What is Text Neck?

Scrolling through your phone all day can literally be a pain in the neck.

We have grown up being constantly reminded that incorrect posture at a desk can injure us for life, and the reminder that sleeping in a weird position can twist and bend our necks in such an odd way that we feel jammed for a while.

But a relatively new phenomenon popping up amongst the population is an injury that is difficult to avoid: the dreaded text neck.

As we develop a deeper and more intimate relationship with our lovely handheld devices, we may not realise it but our posture is being destroyed by something as simple as a head tilt.

As we tilt our heads forward to inspect Instagram, we are really throwing our body out of whack. Did you know that for every inch forward you hold your head, the weight carried through the spine can increase by 10 pounds? Looking downwards places pressure on the front of the neck and creates a gap on the back, and strains the muscles as they contract in an attempt to remain in position. Your back, shoulders, and neck all strain as they work together to keep your eyes peering at your phone.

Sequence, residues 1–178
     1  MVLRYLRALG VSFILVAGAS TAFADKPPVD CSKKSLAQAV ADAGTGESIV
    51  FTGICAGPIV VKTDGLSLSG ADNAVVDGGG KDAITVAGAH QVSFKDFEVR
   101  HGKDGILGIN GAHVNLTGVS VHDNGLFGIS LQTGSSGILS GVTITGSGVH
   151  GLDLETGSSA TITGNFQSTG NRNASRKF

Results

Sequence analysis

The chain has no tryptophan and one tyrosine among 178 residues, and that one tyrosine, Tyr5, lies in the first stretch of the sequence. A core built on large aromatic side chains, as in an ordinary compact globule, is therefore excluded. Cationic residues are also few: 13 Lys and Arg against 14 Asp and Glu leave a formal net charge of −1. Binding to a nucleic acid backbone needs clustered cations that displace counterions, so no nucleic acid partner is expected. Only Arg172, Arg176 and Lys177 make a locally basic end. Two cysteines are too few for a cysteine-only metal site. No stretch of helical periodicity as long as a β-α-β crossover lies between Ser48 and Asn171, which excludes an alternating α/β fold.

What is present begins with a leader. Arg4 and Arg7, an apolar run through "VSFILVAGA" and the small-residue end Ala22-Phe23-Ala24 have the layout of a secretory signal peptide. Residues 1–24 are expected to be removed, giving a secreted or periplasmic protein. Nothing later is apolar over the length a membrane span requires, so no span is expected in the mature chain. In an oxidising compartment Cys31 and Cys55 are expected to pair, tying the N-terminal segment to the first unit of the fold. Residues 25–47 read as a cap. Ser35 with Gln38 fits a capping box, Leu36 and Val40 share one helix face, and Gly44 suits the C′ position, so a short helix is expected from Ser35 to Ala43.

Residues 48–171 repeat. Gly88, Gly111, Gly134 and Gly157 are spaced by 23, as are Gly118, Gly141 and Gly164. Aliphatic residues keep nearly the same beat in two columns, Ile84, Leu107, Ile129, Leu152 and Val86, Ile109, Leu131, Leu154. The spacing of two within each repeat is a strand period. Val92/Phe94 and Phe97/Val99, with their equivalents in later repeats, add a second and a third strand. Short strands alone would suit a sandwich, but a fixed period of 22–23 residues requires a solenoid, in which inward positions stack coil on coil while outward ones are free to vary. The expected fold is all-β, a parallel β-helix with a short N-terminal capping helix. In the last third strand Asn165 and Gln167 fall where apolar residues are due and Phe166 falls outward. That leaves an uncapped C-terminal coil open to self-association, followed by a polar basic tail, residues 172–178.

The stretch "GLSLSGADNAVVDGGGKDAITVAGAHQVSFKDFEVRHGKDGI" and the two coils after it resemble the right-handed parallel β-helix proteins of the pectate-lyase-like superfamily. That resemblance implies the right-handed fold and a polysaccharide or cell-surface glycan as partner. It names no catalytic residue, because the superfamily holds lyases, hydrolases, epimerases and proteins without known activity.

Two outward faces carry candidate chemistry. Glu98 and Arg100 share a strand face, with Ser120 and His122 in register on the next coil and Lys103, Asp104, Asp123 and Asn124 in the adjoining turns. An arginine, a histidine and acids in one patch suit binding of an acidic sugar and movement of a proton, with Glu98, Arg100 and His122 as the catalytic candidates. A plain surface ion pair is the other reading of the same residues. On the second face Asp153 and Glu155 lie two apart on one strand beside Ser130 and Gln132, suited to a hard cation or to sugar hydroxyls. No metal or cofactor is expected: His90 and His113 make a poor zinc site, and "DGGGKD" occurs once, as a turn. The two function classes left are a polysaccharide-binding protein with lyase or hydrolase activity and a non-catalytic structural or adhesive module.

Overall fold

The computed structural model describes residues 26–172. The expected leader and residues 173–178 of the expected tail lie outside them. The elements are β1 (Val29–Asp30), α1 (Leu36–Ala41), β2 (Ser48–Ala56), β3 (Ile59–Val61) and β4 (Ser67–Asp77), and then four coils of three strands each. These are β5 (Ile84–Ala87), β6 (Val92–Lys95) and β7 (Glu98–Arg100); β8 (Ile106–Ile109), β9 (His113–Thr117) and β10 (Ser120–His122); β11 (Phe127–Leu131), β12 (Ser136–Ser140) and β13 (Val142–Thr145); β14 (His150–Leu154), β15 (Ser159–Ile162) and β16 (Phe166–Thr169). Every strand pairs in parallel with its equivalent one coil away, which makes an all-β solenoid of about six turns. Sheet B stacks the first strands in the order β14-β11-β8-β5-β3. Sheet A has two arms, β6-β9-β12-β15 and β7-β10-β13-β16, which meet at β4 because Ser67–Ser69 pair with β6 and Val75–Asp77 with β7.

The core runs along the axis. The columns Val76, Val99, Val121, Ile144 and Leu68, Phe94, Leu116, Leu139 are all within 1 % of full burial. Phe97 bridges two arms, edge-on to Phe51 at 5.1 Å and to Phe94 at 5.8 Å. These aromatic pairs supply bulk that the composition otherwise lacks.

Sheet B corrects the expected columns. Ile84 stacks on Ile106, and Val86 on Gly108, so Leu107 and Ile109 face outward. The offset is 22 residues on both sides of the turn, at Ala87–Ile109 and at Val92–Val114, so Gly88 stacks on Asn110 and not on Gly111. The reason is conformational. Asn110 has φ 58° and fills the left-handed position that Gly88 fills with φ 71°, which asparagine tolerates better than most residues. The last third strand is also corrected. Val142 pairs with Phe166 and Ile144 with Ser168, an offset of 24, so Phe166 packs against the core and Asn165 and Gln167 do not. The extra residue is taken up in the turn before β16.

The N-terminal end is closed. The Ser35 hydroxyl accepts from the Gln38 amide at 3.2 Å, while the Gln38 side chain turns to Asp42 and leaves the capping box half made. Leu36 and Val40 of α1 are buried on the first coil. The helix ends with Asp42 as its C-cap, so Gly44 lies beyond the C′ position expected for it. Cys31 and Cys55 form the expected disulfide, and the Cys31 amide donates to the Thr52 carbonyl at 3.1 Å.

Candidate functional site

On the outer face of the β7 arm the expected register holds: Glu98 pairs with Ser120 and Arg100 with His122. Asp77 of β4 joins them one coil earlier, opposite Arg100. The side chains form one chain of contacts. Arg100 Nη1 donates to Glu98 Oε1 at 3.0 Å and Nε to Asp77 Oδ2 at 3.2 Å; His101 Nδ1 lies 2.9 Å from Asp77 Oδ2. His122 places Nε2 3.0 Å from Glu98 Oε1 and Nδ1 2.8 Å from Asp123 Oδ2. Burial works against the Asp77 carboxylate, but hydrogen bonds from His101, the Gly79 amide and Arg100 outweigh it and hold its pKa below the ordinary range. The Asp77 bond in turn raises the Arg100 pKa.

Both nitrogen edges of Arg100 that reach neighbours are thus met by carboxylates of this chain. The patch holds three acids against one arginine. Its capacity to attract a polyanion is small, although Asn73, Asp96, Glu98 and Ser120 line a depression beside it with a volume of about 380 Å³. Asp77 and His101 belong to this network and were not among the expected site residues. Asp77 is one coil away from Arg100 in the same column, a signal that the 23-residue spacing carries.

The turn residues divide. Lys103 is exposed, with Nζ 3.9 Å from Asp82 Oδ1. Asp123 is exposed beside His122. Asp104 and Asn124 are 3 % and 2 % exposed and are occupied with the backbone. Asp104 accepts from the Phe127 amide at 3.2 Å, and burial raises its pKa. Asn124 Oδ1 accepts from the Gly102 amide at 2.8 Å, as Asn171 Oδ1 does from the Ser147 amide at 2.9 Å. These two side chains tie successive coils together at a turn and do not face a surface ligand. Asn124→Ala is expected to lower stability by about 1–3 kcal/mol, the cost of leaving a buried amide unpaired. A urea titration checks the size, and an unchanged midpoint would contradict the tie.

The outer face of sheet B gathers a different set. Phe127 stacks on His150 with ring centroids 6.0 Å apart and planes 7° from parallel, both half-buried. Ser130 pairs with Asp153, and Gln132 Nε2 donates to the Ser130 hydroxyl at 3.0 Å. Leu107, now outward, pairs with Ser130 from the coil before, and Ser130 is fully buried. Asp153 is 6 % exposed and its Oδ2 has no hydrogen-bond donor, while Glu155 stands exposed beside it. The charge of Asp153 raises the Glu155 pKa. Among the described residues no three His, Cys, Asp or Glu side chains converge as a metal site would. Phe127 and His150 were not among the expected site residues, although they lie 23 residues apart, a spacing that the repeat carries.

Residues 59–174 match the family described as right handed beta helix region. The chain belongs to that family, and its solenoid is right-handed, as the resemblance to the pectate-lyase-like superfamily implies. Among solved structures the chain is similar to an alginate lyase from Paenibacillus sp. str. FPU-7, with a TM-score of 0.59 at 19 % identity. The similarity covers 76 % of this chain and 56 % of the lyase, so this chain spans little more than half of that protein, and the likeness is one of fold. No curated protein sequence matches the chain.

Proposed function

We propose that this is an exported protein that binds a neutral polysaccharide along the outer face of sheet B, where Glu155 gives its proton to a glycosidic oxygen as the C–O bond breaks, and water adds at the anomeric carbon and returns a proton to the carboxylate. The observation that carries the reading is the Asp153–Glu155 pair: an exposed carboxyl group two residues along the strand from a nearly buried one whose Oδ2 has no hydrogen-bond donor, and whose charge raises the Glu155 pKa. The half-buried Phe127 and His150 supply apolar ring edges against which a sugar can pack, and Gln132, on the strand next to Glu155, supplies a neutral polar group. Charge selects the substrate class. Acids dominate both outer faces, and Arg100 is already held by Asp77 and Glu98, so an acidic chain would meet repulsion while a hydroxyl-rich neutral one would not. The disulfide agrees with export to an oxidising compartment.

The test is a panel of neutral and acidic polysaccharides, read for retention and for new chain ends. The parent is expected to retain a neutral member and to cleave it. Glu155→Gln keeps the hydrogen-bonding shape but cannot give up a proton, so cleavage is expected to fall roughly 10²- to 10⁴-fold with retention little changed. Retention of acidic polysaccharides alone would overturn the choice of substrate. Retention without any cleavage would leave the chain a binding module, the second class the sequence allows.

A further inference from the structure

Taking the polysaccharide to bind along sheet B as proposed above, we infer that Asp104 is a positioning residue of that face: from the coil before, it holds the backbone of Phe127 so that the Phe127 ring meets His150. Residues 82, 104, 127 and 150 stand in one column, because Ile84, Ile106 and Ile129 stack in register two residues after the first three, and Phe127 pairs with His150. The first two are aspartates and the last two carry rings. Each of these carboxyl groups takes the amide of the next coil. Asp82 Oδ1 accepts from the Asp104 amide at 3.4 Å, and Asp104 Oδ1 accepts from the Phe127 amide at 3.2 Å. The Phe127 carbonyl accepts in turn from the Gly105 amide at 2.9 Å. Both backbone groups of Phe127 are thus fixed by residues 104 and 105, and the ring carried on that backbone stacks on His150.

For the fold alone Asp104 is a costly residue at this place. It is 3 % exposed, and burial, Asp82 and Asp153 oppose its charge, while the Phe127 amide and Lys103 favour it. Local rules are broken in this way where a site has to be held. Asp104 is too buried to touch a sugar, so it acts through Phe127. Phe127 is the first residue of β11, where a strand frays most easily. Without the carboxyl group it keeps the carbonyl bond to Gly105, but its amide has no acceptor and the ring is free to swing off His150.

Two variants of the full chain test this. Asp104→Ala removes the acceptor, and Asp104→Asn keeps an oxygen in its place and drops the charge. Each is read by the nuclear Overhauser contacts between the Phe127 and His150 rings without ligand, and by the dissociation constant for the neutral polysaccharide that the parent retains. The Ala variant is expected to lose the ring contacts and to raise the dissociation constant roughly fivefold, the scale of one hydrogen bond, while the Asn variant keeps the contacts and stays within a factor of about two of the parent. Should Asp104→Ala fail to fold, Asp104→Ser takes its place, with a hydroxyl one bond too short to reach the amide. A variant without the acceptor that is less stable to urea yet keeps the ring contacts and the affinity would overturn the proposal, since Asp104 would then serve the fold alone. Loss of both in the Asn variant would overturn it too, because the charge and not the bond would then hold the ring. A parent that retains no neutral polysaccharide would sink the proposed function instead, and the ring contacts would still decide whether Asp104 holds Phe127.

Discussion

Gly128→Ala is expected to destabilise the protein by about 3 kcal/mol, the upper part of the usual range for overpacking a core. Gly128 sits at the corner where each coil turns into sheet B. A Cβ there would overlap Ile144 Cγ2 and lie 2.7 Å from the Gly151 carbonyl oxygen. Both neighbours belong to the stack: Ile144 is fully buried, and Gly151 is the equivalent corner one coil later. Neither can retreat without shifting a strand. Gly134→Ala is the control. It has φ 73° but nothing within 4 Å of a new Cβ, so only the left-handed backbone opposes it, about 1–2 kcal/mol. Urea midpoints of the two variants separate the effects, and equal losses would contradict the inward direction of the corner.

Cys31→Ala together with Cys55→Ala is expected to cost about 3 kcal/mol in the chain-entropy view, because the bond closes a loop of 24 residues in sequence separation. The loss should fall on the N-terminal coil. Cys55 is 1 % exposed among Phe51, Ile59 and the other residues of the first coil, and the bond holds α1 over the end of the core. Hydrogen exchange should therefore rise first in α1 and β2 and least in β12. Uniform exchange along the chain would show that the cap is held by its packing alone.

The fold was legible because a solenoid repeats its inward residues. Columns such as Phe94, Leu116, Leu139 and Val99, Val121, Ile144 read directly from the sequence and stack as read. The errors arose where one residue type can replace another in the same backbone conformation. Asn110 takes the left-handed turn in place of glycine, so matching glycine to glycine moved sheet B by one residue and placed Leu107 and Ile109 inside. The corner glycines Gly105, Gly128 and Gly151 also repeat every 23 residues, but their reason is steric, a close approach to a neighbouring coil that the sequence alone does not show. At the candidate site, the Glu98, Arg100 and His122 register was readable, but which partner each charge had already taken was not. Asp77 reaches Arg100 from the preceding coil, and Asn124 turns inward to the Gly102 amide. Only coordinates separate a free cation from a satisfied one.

Strains, pulls, cramps, and even permanent injuries can creep up on us without us even realising. Pretty high price to pay for a hand held device, right?

 

If your pain is getting too much to handle, or after taking a break from your phone you are still in pain, we recommend seeing a professional to make sure that you haven’t done any real damage. Health is wealth!

 

How do I know if I have text neck?

Do you have unexplained chronic back pain, which can be sharp intense spasms or just baby niggles? At the end of the day do you find yourself rubbing your neck and flexing your shoulders around unconsciously? Or maybe you stood up after spending all day on the couch on your phone and now you can’t look upwards?

All of these injuries, and some which you have yet to experience, are probably related to your addiction to your phone. Whoopsies!

 

How do we defeat this demon?